A woman's head stands on the coffee table in our parlor. Like Michelangelo's ''Reawakening Prisoner'' who is seeking liberation from his terrestrial limitations, she is at once part of and emerging from the stone from which she is carved. The artist, it would seem, perceived the face imprinted in the rock and merely chiseled the features more definitively, drawing it out from the raw material. The hair of the woman is natural gray soapstone, frizzily ridged, but the face has been polished, lovingly, to a rich burnished green. Like a genie with his lantern, the carver must have rubbed and smoothed the surface, willing the face to come alive, and he has all but succeeded, for the expression on the woman's face is hauntingly beautiful. It holds all the sadness and love, dignity and mystery, of Africa, for it is a model of an African woman carved by an African artist.
This soapstone head is not worth much monetarily, but it summons for me so much that is the essence of my native land, Zimbabwe. I see in it the faces of women who filled my childhood and feel again the warm, maternal affection, a feeling of closeness that existed between women and children, even when the woman was black and the child white. My memories of these African women are all sweet. There were adventures shared - walking through bushland chewing sugar cane, exploring the minutiae of insects and wild flowers; riding on the carrier of a bicycle on the way to school, my arms encircling the waist of the woman in front who called greetings and laughed gaily in response to the men who scythed the grass on the roadside. There was singing, in voices rich and harmonious, and long chats with cronies sitting on the sunbaked earth; and the crafting of gifts from odds and ends, some scavenged from the garbage chucked out by the private hotel up the road. There is nothing harsh about these recollections. They are all of warmth and love and fun, small pleasures of earth and sky and humanity.
But there is another memory that is conjured up by that same small sculpture. We found it during my last trip home. For a little while I had become a tourist, seeing my country through the eyes of someone visiting for the first time. One of our excursions took us to a model African village, complete with brush fence and neat thatched mud huts. At the far end of the kraal, in striking contrast to the old traditional life style, there were workshops, catering to modern consumerism, with machinery to aid the mass production of leather goods and goods in wood and clay. As we trooped through the ''village,'' oblivious to a whole way of life that few have tried to understand until now when it is passing into irrecoverable history, the eyes of most were focused on the gifts that could be bought at the far end, where a few women crocheted mats or did their beadwork, and some men were chiseling by hand from wood or stone. One of the ''attractions'' to which the guide motioned was an old man, seated outside the door of a hut. He was adorned as a warrior, an elegant shield of skin and a spear beside him. His eyes were intent upon the wooden mask he carved, ignoring us as best he could.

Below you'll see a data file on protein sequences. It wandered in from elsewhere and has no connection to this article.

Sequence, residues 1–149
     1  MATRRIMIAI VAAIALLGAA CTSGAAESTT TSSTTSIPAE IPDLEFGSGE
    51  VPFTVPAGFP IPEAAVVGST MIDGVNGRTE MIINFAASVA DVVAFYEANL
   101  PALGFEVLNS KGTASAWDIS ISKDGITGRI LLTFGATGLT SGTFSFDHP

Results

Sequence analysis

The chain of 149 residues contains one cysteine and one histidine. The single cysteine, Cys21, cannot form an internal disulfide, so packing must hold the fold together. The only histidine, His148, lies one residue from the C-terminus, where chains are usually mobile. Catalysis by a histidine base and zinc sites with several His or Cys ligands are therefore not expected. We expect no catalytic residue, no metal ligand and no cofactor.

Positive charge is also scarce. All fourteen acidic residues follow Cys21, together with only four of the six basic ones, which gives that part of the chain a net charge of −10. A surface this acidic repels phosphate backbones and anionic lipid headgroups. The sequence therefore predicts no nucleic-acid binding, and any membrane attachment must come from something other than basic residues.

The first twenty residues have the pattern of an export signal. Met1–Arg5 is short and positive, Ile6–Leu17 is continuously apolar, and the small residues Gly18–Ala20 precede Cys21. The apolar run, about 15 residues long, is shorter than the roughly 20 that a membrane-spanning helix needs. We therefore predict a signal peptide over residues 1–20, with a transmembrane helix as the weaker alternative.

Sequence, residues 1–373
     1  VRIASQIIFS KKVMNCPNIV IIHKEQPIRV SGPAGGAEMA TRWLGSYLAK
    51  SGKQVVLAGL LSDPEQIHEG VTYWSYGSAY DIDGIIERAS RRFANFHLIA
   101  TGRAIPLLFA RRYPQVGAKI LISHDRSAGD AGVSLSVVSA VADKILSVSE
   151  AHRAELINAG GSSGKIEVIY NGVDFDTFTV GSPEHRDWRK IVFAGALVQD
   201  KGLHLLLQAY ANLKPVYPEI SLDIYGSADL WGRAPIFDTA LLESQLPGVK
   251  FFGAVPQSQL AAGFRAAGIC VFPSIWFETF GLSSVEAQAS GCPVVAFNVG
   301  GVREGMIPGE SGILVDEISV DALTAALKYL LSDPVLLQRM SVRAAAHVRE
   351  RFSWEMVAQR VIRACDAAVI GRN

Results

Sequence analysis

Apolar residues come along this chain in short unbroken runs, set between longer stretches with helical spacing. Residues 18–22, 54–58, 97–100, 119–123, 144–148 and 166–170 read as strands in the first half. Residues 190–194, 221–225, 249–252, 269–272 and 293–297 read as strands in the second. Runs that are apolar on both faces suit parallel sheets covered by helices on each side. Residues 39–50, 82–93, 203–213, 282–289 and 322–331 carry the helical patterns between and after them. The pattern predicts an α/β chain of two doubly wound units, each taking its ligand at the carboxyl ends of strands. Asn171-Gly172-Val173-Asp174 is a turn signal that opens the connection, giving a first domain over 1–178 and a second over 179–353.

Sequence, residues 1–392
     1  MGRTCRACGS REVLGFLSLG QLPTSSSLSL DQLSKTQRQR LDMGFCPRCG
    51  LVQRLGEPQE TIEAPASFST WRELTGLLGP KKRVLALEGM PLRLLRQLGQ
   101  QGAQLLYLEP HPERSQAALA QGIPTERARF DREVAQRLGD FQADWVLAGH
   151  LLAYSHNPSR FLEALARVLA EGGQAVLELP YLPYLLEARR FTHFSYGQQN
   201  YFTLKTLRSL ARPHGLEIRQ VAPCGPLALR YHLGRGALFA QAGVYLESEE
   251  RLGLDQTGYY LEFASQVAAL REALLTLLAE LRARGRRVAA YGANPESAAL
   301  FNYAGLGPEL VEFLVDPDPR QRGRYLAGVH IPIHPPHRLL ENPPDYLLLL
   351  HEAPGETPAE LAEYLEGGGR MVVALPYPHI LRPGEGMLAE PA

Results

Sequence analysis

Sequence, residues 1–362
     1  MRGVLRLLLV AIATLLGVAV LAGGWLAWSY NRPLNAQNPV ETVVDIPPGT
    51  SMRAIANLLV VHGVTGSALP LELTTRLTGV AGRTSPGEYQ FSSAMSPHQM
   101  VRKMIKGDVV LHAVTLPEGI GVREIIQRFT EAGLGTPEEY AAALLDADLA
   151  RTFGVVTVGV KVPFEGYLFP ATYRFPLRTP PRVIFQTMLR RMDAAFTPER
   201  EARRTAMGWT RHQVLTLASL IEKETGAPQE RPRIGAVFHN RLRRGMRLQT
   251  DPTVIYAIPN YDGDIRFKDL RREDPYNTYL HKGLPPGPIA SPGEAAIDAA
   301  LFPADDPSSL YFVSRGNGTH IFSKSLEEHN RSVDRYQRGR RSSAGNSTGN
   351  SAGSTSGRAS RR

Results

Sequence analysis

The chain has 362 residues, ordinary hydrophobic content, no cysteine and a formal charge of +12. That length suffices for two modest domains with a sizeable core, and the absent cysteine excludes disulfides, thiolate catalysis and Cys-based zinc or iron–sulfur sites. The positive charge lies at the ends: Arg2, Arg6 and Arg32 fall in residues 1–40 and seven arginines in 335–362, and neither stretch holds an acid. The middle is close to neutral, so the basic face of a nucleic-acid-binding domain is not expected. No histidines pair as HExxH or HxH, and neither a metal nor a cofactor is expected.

I found I simply could not walk past him as if he were a stuffed museum piece. I wanted to atone for our insensitivity in some way, but I did not know how. I wanted to say, ''Look, I'm not a tourist. I, too, am a native of this land, with some understanding of its customs and a little knowledge of the people and their values.'' I wanted to tell him how infinitely sad it made me to see him reduced to this; that learning was a two-way street, for while progress had moved in at the other end of the kraal, there was so much wisdom he could impart to all of us from the place where he sat.
The old man had not raised his head as the crowd filed by him, but as I stood in front of him awkwardly, thinking vaguely that there was something rude and ignorant about being elevated above him, he lifted his head and looked at me. At first I was impressed by the sadness I saw in his eyes as if yearning for a proud past. Then I was struck by the gentleness, born of love for the land and the traditions that had imbued him with patience and strength and harmony with nature. Finally I was aware of an innate dignity about him and that mysterious quality that seems to pervade Africa, continually drawing one back. We exchanged not a word, yet I had an uncanny feeling he knew what was on my mind. Whether he appreciated my discomfort or blamed me for his diminished role remains a mystery to me. Perhaps there was a little of both, and he left it to me to derive what I deserved.
At times, the woman's head in our parlor can make me feel guilty that I am of Caucasian origin and therefore responsible for changing Africa. Yet the expression on her face, as on the old man's, is infinitely gentle and sympathetic, for now she and I both look back on what used to be and know that the past has gone forever. It was inevitable that Africa should liberate herself from her terrestrial limitations.
We are chiseled from the same stone, my African woman and I. We have seen things and lived through times that will fade into history, but they will be forever etched deeply into our faces and our souls.